• Player Interaction Rules and Number of Players — Two players seems to be a common move for transitioning the game to a more serious wargame. Moving to a three-on-two structure in Axis & Allies solves the pettiness and fickleness that tends to emerge in free-for-all type games such as Risk.
  • Objective/Victory Conditions — Adding sudden death type situations can both shorten the playing time and add to the game’s theme. This can be done by requiring players to protect certain capital cities or else by ending the game when a player or team obtains a certain level of productivity. Nobody wants to play to the last army, really.
  • Data Storage — Tools for this seem to emerge in response to problems created by the embellishments that are lathered onto the game. The “battle board” is maybe a trivial example, though a fun one. Even better are the army cards from Samurai Swords (aka Shogun) that also include a track for keeping up with your daimyo’s experience level.
  • Sequencing — This is one of my favorite changes of all time: players bid for turn order in Samurai Swords… and those that don’t bid “draw swords” to determine the their place in the sequence. This creates a tense political dimension that is a perfect fit for that game’s theme.
  • Movement/Placement — Axis & Allies is king here, with blitzing tanks, long range bomber missions, and craven submarine attacks. Every piece has its own character. The mobs and the sentries in Raid on Iran show how even very unusual situations can be modeled in game terms. The random set up of Samurai Swords yields a very tense development period as players attempt to gain experience for the daimyos at little cost. This long period of development contrasts greatly with the way that Axis & Allies starts at the most interesting point of the conflict.
  • Information Availability — The secret and simultaneous bidding of Samurai Swords  does a great deal to create a fog of war in a genre that tends towards having everything be public except a few cards.
  • Conflict Resolution/Interaction of Game Entities — This is usually going to be the heart of any Risk-like game that gets adapted to model a historical situation. Things to watch for are how naval battles get addressed and/or how amphibious assaults are handled. These are usually going to be simple dice-chucking exercises, but games like Raid on Iran demonstrate what can be done with more elaborate Combat Result Tables if they’re needed.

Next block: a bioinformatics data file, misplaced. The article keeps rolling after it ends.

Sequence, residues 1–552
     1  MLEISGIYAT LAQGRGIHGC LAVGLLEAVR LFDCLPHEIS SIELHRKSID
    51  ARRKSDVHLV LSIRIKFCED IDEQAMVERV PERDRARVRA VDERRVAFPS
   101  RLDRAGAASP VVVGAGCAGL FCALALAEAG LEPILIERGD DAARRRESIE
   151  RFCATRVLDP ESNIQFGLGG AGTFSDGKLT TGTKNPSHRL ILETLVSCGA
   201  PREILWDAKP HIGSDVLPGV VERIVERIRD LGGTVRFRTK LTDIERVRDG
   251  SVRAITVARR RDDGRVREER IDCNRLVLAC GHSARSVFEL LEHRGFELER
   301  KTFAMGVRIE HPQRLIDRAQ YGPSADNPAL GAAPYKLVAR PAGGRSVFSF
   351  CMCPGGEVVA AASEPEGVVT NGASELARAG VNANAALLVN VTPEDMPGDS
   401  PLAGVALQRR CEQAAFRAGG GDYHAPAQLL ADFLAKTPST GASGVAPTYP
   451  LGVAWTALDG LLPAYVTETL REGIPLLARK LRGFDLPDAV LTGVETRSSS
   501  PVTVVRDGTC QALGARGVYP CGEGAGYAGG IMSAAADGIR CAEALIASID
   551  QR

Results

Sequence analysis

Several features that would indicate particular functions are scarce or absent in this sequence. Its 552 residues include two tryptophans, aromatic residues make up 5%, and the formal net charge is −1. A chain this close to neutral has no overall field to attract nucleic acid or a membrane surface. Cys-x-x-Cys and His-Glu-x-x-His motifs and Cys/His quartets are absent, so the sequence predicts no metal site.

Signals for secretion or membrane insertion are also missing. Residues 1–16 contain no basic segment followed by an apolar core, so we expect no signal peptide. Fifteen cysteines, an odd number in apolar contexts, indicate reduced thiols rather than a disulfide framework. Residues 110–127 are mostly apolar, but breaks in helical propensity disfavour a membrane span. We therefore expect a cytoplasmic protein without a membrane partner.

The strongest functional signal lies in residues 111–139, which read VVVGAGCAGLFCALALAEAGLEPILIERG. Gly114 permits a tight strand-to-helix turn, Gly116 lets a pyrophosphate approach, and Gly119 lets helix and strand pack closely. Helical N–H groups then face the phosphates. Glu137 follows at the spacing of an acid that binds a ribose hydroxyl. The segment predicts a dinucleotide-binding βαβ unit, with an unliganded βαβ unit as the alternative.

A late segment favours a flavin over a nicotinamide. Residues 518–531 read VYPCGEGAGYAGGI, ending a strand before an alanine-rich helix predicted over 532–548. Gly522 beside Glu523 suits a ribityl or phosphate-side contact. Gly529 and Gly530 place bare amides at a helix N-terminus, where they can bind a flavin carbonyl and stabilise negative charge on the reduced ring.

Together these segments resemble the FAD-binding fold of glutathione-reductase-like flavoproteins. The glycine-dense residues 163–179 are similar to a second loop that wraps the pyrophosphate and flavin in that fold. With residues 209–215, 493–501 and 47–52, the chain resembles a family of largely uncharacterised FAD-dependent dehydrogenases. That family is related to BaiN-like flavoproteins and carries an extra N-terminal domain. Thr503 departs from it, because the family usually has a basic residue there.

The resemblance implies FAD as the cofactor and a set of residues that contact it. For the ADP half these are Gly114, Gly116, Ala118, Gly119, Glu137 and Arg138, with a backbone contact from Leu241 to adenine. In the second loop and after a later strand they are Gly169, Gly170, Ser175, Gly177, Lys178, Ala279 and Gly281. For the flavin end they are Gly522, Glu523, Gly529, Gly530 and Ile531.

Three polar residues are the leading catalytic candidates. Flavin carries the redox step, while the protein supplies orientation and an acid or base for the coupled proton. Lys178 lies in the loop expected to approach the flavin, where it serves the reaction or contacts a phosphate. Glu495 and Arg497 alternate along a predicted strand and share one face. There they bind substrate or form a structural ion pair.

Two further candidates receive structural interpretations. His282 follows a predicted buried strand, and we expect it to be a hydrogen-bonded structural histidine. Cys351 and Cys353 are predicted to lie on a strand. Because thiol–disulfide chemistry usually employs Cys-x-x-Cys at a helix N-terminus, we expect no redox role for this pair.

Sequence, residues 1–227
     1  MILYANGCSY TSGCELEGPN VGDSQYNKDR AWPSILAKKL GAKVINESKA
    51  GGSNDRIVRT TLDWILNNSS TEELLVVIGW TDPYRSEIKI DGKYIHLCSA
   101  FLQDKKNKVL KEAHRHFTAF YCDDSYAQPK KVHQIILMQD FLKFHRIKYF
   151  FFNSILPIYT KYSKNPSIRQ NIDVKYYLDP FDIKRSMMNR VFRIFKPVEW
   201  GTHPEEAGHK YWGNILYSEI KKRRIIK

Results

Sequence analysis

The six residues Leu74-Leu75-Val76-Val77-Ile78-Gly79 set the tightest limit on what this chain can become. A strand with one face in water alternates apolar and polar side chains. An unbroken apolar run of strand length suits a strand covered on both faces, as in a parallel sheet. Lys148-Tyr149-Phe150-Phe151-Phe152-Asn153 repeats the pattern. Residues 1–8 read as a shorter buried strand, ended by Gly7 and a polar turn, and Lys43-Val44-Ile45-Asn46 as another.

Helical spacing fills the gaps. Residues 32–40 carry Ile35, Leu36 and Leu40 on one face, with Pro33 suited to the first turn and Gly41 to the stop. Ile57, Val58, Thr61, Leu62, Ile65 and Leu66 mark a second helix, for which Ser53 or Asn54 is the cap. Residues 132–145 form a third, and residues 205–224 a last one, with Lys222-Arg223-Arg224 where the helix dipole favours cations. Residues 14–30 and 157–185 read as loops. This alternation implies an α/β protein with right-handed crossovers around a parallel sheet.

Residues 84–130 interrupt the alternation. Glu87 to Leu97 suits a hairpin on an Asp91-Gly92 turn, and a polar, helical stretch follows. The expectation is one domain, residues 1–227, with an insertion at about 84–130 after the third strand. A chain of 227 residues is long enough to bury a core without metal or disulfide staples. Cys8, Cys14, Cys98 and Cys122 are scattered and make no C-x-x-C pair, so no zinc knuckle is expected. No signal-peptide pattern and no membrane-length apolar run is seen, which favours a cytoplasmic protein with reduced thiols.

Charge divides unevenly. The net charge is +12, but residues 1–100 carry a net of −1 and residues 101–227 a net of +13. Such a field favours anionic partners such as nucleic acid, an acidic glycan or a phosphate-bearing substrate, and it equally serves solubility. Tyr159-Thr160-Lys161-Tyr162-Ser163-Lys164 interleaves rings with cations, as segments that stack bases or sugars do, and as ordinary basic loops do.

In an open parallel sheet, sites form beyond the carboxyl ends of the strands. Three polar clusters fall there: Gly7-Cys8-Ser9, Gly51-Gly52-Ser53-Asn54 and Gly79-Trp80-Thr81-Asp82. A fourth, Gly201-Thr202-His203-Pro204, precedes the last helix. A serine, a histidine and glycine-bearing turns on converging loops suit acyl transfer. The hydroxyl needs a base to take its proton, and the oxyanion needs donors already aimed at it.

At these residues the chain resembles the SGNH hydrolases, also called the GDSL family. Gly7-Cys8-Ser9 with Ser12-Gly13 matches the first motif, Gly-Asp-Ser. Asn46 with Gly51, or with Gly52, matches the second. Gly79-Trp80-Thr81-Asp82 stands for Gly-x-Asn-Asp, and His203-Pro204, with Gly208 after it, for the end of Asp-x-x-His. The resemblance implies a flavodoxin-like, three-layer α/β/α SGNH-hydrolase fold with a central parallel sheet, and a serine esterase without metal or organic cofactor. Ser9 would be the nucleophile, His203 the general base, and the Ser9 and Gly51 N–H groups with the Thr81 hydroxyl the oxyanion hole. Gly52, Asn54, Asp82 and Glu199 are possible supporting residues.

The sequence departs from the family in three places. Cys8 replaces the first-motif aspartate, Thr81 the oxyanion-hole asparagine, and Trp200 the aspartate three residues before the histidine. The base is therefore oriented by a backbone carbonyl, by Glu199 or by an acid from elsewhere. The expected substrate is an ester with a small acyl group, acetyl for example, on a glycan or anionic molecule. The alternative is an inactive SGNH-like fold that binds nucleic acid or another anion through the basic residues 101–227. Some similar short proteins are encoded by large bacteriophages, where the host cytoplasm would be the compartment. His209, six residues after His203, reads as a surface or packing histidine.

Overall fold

• “Economy” and Resource Acquisition — This is a prime area for developing a “second heart” for the game. The most obvious move here is giving production points on the basis of territories instead of continents… and then letting players go nuts with their shopping lists. At the other extreme, you have Space Empires: 4X and its colony development process, its elaborate tech tree, and its mining and pipeline networks. A more unusual take on this point can be seen in The Marcher Lords where building castles is a central part of the game. The need for fuel in Supremacy is crucial to that game because you burn it up whenever you move or attack with your units!

I have to say, Risk is largely underrated. It occupies a sweet spot in terms of theme and weight and adaptability much in the same way that Richard Borg’s Commands & Colors system does. The economic aspects of the game provide the perfect bridge point for borrowing concepts and mechanics from the eurogame side of the hobby… and also an entry point for introducing those sorts of gamers to wargames and direct conflict type games in general. And unlike “real” wargames, it’s going to be much easier to find players for a Risk-like game. It’s just about the perfect crossover game and its descendants are likely to remain popular for some time to come.


12 responses to “Let’s Talk About Risk

  1. Pingback: The “Learning Game Design” Online Course from Lewis Pulsipher | Jeffro's Space Gaming Blog

  2. Jason Packer January 21, 2014 at 10:20 am

    It’s interesting – the “American” variant where every card set gets more and more valuable has much the same feel as the Free Parking Money house rule for Monopoly. It gives anyone a chance to bounce back and succeed. Is it that we’re averse to realistic conflict, or is it a can-do, support the underdog sort of thing, do you suppose?

    • jeffro January 21, 2014 at 1:01 pm